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How To Love A Black Woman

Many, many years ago a fraternity brother of mine bitterly confessed that he couldn't deal with black women. He is of African-American descent and although I couldn't say I had never heard that sentiment before, I was intrigued to hear it from someone so close to me.

He told me black women had too much attitude --- on the bus, at work, in any given situation --- they were just difficult and mean for no reason, especially the ugly ones.

He went on to marry a brown-skinned Dominican woman a few years later.

For all four of you out there reading this I should explain, he was referring to culture and not complexion, just in case you don't happen to be black/African American and have no idea what I'm talking about.

I've watched many boys with my skin grow into to men and exclusively date or marry whites, Asians, etc. Sometimes they were athletes, sometimes artsy-fartsy creatives that couldn't be tied down to race and culture, and sometimes (more times than most) they were outcasts, not cool enough, not cute enough, too fat, too ugly, "too busted". For these guys, I guess they feel they had the last laugh with the dearth of available "good black men" as occasionally written about in Essence and talked about on Oprah.

I was one of those outcast boys as I've said again and again - a lopsided fro, coke bottle glasses, crooked teeth, doofy smile, pin head on an even skinnier body. This was my life until junior year of high school and some black girl somewhere, be it in a hallway, a staircase or lunchroom was always around to remind me just how effed up I looked and how I unworthy I was of their empty acquaintance. I never was on the short or long list of guys to get in good with before a dance. I didn't go to my junior prom and my senior prom was such a catastrophe it is the stuff of legend (I'll share another time). One of the popular girls who befriended me our senior year told me on the last day of class, "You know, you're a really nice guy. I wish I had gotten to know you sooner." Our lockers had been next to each other for our entire four years of high school. Until then, I don't think I had ever been so hurt.

Water under the bridge. Time caused me to shed all that awkwardness as I grew into a man and the insanity that is New York City made me sharp. And although at one point in my life I had every intention of traveling the world and sampling the world's women I never stopped loving what I've always loved: black women.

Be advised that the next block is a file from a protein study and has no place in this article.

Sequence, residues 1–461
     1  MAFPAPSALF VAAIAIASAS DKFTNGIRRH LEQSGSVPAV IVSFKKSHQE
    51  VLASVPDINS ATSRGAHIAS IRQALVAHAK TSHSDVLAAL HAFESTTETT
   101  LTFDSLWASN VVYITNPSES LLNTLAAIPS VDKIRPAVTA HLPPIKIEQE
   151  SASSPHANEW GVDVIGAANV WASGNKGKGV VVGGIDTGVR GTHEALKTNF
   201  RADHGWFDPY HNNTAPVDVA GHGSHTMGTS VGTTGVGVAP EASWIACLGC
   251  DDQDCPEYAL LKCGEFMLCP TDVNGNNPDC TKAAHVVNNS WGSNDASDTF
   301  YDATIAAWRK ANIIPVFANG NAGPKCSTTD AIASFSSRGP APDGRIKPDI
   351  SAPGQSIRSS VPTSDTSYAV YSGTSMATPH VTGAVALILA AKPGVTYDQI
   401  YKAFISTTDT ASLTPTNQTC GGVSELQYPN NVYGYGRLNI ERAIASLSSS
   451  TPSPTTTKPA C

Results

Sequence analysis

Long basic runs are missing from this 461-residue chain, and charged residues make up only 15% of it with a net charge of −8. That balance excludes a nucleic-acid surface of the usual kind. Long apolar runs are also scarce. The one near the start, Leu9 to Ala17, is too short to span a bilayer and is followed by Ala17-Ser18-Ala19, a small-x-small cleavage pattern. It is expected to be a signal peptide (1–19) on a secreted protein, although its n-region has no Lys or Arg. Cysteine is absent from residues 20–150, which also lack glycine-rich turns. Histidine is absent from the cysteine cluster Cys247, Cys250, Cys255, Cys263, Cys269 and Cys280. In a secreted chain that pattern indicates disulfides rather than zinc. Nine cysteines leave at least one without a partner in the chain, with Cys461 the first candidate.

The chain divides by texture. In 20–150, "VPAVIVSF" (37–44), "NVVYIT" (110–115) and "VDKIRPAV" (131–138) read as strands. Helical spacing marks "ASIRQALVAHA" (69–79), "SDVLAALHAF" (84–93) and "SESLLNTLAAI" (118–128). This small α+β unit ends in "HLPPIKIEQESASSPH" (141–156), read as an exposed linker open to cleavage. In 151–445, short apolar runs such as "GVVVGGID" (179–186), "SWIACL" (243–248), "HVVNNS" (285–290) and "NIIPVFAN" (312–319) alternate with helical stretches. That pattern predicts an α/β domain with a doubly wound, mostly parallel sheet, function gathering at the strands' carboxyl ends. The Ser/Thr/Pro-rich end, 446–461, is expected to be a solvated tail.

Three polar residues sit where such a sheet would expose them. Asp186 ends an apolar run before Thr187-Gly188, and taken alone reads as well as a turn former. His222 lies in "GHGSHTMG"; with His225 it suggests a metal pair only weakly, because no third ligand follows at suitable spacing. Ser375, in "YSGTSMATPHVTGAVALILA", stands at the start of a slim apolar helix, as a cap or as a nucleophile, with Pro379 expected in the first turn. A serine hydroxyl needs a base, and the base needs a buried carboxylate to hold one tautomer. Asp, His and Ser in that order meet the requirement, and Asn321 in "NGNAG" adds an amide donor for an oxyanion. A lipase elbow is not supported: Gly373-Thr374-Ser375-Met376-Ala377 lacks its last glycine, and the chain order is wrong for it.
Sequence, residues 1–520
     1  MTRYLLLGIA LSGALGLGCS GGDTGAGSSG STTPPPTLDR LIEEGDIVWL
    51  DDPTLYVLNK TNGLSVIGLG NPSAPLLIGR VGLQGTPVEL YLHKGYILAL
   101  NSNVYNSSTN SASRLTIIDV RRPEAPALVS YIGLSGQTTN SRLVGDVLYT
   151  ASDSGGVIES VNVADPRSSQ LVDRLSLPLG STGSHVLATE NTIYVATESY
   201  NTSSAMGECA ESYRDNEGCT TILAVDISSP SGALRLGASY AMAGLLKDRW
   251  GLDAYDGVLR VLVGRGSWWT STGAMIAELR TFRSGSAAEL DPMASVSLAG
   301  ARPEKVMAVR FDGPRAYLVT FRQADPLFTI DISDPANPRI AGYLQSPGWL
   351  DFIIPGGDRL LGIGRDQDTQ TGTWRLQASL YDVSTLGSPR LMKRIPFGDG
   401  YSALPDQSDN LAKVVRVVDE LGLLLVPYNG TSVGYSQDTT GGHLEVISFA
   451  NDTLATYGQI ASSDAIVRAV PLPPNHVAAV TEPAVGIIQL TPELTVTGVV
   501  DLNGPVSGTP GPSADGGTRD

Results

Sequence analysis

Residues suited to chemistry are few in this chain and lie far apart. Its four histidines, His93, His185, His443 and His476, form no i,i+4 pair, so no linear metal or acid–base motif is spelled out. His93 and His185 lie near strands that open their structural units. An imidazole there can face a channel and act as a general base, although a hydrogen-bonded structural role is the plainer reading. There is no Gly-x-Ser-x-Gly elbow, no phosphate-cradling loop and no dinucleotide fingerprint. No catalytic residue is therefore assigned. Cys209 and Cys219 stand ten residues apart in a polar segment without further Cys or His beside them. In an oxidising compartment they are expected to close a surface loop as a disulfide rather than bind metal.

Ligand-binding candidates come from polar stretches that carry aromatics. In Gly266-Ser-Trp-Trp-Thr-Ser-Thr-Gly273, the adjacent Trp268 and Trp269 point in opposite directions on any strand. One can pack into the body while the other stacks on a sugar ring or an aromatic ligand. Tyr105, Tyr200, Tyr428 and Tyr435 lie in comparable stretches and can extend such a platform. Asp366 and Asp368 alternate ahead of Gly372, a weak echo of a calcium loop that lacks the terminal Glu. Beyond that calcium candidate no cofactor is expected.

I genuinely believe love is blind, so I'm not frowning on interracial relationships. Close friends are black and Chinese, black and Japanese, etc. etc. Our next president refers to himself as a "mutt". He wouldn't have existed were it not for interracial love. Who am I to judge if the love is real. But I stress the if.

Are black women difficult? Of course they are. In my experiences, they've take very little crap off of anyone (including me). Do many have attitudes? Sure. But that's what distinguishes a black woman from every other woman walking this planet. And there's nothing wrong with a little attitude if there's something there backing it up. Again I stress the if.

Some men feel that in order to love a black woman they must be broken. If you break their strength and crush their sense of self, they'll give you their love because they're too insecure and weak to go anywhere else. My only problem with this that a woman should know it's better at home because of what a man brings to the table, not what he takes away from it.

And then there's other black men who choose to live out their days with women of other nationalities, just so they don't have to "deal" because they think women of other nationalities are "easier." O. J. Simpson is one of these men.

So here's my solution: How do I love my black woman, one who's picture is next to the word "difficult" in the dictionary?

Constantly and fervently. And it's been working out so far so good.

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